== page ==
Why the Smart Money is Dumb

Bloomberg’s out with a piece today showing the results from Credit Suisse’s “periodic survey of hedge fund investor sentiment.”

The headline you’ll be reading is that 84% of respondents redeemed from hedge funds in the first half of 2016. Wow, seems like a lot, until you read that only 9% don’t intend to re-deploy into hedge funds. So are they redeeming in the first place? They’ve got that covered in the below graphic, and it all boils down to that characteristic usually put onto “retail” traders – performance chasing.

Pie Chart Institutional Investors Redemptions

62% of respondents redeemed because of performance related reasons, either with specific funds (53%) or the portfolio in general (9%).  Here’s Bloomberg’s expanded look (it’s like they have a graphics department or something. 😉

Bloomberg Hedge Funds Allocation

Is this a Dumb move?

It seems none of these investors read Ben Carlson’s telling post on the so called “smart money” chasing performance. In his words:

“Institutional investors are more than happy to chase performance — to their detriment — again and again.”

Hire Fire of Institutional Investment Management

This chart shows how institutional investment committees continually make their investment manager decisions based on past performance, only to be disappointed by the subsequent returns once they invest. They hired managers that outperformed and fired managers that underperformed only to see those roles reverse after their investment moves were made.

The “smart” money has a nasty habit of buying winning funds after they’ve just won and selling losing funds after they’ve just lost. It’s something of an anti-value, anti-momentum approach where these large funds are always one step behind and fighting the last war.

There are plenty of great portfolio managers out there. But there probably aren’t enough asset allocators or organizations who can discern when to invest with a great portfolio manager and when it’s time to move on. This process is made even more difficult when a large committee has to come together to make group decisions.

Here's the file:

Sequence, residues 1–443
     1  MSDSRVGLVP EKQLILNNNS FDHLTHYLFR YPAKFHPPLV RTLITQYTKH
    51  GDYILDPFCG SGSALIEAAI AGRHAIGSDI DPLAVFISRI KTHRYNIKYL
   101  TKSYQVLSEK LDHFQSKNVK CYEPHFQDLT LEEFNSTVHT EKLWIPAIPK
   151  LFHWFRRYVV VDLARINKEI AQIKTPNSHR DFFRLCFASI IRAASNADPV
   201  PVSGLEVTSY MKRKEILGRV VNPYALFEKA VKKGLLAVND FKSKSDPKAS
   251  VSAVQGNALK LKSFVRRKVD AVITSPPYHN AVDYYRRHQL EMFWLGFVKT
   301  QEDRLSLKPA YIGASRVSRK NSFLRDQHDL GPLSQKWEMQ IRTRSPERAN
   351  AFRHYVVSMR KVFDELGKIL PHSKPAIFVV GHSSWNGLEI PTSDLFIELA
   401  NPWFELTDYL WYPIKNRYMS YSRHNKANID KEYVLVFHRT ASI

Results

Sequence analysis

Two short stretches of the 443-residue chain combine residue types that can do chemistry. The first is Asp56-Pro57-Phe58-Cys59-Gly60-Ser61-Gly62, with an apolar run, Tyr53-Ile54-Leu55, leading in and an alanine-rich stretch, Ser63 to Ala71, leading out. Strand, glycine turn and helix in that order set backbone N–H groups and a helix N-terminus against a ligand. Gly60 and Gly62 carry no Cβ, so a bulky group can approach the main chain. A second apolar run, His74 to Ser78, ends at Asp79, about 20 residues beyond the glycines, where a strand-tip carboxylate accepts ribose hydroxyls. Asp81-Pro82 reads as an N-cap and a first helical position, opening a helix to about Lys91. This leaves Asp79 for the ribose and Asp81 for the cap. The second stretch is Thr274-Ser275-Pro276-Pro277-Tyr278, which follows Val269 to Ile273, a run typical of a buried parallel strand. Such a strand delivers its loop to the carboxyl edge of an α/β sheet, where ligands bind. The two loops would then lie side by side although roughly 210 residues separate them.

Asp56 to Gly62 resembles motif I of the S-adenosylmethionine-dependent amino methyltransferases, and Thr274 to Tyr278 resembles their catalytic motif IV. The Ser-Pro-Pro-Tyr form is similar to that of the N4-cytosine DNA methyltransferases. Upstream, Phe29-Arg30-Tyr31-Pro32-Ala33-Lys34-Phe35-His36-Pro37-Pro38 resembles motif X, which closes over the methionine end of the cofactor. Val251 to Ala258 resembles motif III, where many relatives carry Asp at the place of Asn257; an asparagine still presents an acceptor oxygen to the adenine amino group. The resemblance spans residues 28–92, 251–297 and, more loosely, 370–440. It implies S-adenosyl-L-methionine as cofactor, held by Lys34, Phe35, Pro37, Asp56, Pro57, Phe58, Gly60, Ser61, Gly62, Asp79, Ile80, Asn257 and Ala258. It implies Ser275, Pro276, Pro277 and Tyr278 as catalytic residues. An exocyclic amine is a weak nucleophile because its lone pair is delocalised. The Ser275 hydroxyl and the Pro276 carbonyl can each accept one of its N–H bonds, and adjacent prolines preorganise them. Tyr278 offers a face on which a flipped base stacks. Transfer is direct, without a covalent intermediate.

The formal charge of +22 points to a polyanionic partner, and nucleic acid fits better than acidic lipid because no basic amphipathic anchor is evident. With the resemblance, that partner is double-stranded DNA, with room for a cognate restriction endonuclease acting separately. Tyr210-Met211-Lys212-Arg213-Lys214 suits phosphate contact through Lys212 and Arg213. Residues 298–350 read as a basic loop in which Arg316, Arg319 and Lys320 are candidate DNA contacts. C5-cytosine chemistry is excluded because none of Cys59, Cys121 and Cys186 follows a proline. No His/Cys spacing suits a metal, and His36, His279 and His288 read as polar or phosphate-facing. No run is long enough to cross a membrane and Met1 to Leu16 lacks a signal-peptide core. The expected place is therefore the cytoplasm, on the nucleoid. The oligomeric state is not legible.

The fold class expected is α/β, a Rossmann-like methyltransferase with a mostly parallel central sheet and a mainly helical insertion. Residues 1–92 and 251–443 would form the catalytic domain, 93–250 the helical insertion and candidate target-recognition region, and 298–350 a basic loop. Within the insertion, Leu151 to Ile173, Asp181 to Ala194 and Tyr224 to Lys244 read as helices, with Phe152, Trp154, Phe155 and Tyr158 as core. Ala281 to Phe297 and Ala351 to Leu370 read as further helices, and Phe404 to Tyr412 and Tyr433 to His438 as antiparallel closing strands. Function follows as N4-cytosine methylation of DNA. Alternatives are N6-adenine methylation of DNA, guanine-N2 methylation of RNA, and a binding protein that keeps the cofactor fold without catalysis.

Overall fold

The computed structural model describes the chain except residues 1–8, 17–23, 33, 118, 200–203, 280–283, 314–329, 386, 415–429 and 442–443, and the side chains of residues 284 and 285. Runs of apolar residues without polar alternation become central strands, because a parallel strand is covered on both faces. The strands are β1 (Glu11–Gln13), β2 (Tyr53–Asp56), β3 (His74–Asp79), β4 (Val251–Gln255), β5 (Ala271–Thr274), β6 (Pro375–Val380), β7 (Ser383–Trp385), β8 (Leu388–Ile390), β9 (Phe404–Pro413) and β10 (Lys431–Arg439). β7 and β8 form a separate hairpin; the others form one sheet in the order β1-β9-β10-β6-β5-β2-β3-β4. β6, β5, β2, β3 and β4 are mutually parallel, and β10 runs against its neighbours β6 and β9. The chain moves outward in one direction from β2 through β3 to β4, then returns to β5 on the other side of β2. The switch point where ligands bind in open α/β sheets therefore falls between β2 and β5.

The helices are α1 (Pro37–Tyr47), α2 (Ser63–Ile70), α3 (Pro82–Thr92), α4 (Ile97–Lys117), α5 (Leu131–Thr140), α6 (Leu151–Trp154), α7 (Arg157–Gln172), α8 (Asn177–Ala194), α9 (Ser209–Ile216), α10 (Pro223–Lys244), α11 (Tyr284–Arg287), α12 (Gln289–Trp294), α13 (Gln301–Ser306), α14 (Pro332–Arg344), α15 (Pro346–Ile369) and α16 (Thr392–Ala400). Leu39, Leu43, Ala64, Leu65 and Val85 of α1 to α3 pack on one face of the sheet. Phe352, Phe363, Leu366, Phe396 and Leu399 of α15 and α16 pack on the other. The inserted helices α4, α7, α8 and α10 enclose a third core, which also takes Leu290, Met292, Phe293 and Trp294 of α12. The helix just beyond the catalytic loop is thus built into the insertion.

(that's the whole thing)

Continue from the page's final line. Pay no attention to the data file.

So be careful next time you read about big fund of funds, family offices, pensions, or the like exiting a hedge fund. It’s probably not a sell signal on that fund at all. Of course past performance is not necessarily indicative of future results, but It’s probably a buy signal, given all investments proclivity to cycle between good and bad performance, and seemingly all investors habit of getting in at the highs and out at the lows.

One comment

  1. I love the way you show all the post. Anyway good post.Thumbs up !!!!

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Disclaimer
The performance data displayed herein is compiled from various sources, including BarclayHedge, and reports directly from the advisors. These performance figures should not be relied on independent of the individual advisor's disclosure document, which has important information regarding the method of calculation used, whether or not the performance includes proprietary results, and other important footnotes on the advisor's track record.

Benchmark index performance is for the constituents of that index only, and does not represent the entire universe of possible investments within that asset class. And further, that there can be limitations and biases to indices such as survivorship, self reporting, and instant history.

Managed futures accounts can subject to substantial charges for management and advisory fees. The numbers within this website include all such fees, but it may be necessary for those accounts that are subject to these charges to make substantial trading profits in the future to avoid depletion or exhaustion of their assets.